Carlota Holder

English Language Learners or ELL students are an often overlooked population in Indianapolis schools. According to the National Center for Education Statistics, in 2019 there were 67,504 ELL students enrolled in k-12 public schools in Indiana. Unfortunately, the supply of ELL educators lags far behind the demand from ELL students. One educator, Carlota Holder, is working to equip ELL educators with the proper knowledge and skills to best serve Indianapolis’ ELL student population. Carlota Holder serves as the Director of Academic Language for the Neighborhood Charter Network where she advocates for equitable access to language resources and leading best practices for ELL educators.

Born in Batesville, IN to a Panamanian mother and German father, language has been an important part of Carlota’s life for as long as she can remember. With Spanish as her first language, as a child, she was the first non-English speaker at her elementary school in Batesville. Here, she had first-hand experience with how challenging learning can be with the added barriers of language and inadequate learning resources. Eventually, through social pressure, Carlota was forced to learn English in order to engage with her peers in her rural small town community.

As her family took frequent trips to Panama over the years, her attentiveness to language evolved, and when she began her undergraduate career, she majored in Spanish with a minor in Latin American studies. After graduation, Carlota had absolutely no intentions of working as an educator; but when she learned that a teacher friend needed substitute teachers at a Far Eastside school, she decided to give k-12 education a chance. During her time as a substitute teacher in Lawrence Township, she began to learn more about the language inequities in the k-12 education landscape. This prompted her to go back to school to earn her teaching credentials. Carlota has now been an educator since 2009.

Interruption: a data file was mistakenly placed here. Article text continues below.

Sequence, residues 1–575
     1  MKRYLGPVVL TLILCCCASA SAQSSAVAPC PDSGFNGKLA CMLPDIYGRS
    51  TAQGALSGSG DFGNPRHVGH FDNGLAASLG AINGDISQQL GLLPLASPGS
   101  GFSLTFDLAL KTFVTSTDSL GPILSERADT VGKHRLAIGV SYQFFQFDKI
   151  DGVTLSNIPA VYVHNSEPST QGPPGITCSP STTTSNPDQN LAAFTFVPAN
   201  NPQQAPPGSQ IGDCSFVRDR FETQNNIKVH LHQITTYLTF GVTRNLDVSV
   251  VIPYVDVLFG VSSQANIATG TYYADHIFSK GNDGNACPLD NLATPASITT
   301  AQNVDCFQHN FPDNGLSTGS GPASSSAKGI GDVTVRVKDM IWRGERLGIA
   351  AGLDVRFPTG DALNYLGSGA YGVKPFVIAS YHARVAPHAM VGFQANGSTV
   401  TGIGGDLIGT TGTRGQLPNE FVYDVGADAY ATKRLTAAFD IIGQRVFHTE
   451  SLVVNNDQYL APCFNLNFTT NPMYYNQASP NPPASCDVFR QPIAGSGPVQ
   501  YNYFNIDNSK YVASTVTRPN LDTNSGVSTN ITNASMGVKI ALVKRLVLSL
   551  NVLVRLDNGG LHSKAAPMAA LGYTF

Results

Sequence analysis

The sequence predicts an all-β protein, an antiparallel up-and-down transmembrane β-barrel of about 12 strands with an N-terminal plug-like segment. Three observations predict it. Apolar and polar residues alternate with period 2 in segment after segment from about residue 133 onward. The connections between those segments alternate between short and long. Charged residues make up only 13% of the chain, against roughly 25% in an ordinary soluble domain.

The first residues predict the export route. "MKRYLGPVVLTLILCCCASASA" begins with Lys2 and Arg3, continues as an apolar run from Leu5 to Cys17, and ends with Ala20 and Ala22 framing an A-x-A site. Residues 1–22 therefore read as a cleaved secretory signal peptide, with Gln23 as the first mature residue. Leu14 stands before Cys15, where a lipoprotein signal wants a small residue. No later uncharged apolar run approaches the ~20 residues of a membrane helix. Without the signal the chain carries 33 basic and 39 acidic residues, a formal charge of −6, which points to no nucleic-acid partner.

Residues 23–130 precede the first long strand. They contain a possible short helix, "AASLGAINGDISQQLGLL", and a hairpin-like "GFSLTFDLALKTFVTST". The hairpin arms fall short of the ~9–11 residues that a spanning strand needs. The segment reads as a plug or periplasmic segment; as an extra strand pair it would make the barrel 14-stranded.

Over the course of her career, Carlota has encountered a number of issues related to inequitable access to resources for ELL students and educators. The overarching theme of these issues always comes back to prioritization. In general, school systems do not organize resources for ELL programs in ways that actually prioritize the needs of the students. In some cases, teachers will pull ELL students out of classrooms once a day for instruction which does not fulfill the needs of the students. In many instances, schools do not have enough or any bi-lingual educators on staff which creates a major barrier for students who feel that they are not understood by their teacher. In addition, schools will often substitute ELL instruction for electives which leave students feeling left out.

For Carlota, the clear solution is to cultivate and grow more ELL educators by equipping them with the resources they need to serve students. According to the 2020 Census, Indianapolis is becoming more diverse every year. Carlota recently received a teacher innovation grant from The Mind Trust to enhance licensures for general education and EL educators in partnership with Marian University. By creating more opportunities for highly trained bi-lingual school counselors, social workers, and teachers, Carlota Holder is preparing Indiana to be a more welcoming place to live.